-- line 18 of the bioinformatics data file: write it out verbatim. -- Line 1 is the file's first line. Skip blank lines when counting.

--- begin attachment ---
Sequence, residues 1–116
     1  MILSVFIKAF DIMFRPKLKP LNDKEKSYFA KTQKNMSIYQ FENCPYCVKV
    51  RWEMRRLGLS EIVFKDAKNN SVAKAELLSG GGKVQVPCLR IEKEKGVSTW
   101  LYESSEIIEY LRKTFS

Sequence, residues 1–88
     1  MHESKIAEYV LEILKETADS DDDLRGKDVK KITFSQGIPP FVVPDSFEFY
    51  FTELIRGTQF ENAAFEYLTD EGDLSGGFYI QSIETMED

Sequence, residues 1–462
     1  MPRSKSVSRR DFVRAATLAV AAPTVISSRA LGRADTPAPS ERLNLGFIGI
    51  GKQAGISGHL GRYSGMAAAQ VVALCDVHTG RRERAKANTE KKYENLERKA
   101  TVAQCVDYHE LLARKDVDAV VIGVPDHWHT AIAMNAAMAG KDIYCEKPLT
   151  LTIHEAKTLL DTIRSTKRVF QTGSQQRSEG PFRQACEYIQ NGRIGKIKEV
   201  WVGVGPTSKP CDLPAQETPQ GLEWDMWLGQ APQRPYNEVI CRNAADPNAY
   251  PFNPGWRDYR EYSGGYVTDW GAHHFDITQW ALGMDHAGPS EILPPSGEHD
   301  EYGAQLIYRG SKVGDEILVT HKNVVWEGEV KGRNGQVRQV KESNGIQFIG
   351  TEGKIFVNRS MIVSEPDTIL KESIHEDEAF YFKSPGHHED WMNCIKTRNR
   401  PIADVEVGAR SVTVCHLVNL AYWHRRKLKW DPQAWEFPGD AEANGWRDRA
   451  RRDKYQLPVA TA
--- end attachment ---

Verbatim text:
   451  RRDKYQLPVA TA